"Uh, exactly how many 'thugs' are we talking about, Mayor?" Obviously, Abe had caught on also.
"There's four of them! And they've taken over the entire... "
"Four?! Four lone gunmen against . . . uh, how many men left in Moore's Lake now, probably close to a hundred?! That's absurd! Why are you bothering me with this? I'm on furlough, for God's sake! Organize a posse like I said and take care of the problem yourselves!" With that, Abe took the mayor by the elbow and showed him to the door.
Early the next morning, Abe and Christine were getting ready to go to the general store for breakfast. It wasn't the best place in town to eat, but it was close. What they didn't know was, word had spread about Abe's arrival in town and how he was supposed to rid Moore's Lake of the bandits. As soon as Abe and his wife opened the door to leave, they were immediately pounced upon by all four bandits. The group of thugs had been waiting just outside their door for this very opportunity.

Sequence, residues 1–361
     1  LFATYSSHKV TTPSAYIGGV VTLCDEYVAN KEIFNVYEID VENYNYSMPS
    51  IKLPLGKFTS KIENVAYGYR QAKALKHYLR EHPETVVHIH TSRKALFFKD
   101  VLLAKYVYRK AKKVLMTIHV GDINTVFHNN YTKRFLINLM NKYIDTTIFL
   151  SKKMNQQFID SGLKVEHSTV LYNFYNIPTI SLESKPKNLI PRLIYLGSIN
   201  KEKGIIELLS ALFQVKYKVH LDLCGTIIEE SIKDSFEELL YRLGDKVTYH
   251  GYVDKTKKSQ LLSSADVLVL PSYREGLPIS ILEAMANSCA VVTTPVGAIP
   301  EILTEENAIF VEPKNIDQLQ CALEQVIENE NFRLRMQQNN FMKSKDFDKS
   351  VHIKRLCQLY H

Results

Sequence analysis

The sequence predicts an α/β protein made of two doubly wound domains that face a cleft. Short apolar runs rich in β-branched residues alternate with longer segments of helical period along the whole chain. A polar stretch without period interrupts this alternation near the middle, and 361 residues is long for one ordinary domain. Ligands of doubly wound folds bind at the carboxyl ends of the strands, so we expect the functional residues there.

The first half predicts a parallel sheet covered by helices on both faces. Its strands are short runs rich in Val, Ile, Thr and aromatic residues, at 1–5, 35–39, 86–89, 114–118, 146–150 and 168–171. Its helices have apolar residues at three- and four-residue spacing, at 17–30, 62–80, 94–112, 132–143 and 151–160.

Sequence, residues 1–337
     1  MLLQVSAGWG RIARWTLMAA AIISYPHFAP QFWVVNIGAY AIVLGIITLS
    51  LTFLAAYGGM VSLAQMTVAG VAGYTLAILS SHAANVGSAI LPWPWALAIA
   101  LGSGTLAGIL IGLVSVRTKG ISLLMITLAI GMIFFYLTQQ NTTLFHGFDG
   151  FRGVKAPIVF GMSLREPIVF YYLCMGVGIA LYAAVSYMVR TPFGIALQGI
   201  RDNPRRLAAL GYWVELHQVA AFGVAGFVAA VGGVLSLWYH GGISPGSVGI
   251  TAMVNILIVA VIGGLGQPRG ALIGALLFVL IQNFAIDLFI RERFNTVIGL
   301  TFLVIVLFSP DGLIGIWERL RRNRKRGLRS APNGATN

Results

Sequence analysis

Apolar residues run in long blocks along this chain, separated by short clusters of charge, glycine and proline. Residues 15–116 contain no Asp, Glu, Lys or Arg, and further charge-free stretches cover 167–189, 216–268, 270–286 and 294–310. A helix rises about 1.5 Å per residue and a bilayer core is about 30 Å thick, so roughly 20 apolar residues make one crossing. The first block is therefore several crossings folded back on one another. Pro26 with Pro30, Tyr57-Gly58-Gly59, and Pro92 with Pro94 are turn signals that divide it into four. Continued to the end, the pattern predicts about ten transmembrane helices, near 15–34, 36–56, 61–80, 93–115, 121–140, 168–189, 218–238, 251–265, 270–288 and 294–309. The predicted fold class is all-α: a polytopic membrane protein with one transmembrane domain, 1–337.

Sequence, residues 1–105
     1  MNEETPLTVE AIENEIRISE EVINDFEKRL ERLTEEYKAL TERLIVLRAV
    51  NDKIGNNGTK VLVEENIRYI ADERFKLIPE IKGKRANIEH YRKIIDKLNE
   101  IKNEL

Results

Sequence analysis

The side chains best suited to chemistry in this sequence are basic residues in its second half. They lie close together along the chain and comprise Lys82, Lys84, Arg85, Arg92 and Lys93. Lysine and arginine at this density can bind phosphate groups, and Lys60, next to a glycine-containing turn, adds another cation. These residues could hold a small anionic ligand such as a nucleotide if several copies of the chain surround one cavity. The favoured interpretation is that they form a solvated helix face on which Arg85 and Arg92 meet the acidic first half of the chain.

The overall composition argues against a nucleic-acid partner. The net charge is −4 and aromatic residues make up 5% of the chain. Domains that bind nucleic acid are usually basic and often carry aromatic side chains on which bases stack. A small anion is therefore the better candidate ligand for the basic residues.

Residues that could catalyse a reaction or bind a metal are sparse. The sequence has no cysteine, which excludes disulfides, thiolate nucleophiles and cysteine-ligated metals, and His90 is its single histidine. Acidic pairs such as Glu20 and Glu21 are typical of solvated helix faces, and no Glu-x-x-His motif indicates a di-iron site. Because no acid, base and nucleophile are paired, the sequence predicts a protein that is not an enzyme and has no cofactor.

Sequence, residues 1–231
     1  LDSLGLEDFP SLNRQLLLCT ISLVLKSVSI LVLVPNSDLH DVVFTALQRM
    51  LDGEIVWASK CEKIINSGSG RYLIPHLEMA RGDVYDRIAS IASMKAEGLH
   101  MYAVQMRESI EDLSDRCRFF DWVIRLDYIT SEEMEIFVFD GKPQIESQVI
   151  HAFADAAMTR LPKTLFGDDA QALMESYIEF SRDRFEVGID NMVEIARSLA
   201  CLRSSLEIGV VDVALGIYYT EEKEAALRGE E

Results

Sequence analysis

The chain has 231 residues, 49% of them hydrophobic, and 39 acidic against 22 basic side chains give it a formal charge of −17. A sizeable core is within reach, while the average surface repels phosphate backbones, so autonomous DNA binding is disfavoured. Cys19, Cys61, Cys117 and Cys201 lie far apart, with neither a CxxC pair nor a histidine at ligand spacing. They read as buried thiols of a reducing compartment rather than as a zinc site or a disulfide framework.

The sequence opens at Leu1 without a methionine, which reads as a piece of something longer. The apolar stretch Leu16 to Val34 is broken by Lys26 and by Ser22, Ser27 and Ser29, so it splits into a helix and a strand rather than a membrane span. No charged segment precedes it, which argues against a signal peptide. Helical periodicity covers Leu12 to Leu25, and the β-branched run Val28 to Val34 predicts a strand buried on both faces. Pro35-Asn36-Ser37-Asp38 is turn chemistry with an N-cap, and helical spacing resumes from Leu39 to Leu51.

Christine was being held by one of the gunmen while the other three fought Captain Wilkes. With surprise on their side and three to one odds, it wasn't long before they had Abe down on the ground, kicking the life out of him. With several brutal kicks to the head, Captain Abraham Wilkes fell into unconsciousness.
Abe came around to the sound of harsh orders being given. Not . . . military orders . . . he thought, still in a daze.
Too harsh . . . too . . . undisciplined. Burning pain in his hands tore Abe out of his confused state. Opening his eyes, he saw two men with sidearms ordering people about, most of them carrying heavy stones and bags of mortar down the main street. To his right, Abe saw the mayor, Theodore Harper, just standing in the middle of town doing nothing. He didn't seem to want to look in Abe's direction.
Not a very big surprise, Charles Peterson thought, also feeling the pain of the beating and the burning sensation in Abe's hands. The mayor is a coward . . . an important coward at that!
Horror arose within both Abe and Charles when the captain looked up. He was tied with his hands above his head to a tree in the town's square. The severe pain in his hands was the result of them being mutilated. The thugs had brutally peeled away most of the skin on all of his fingers, palms and forearms, anywhere a vein or artery was not close to the skin. Obviously, they didn't want their captive to bleed to death before they were finished tormenting him. The pain was excruciating! With the ropes cutting into bare flesh at several spots, every time Captain Wilkes moved, the pain was almost enough to send him back into unconsciousness again.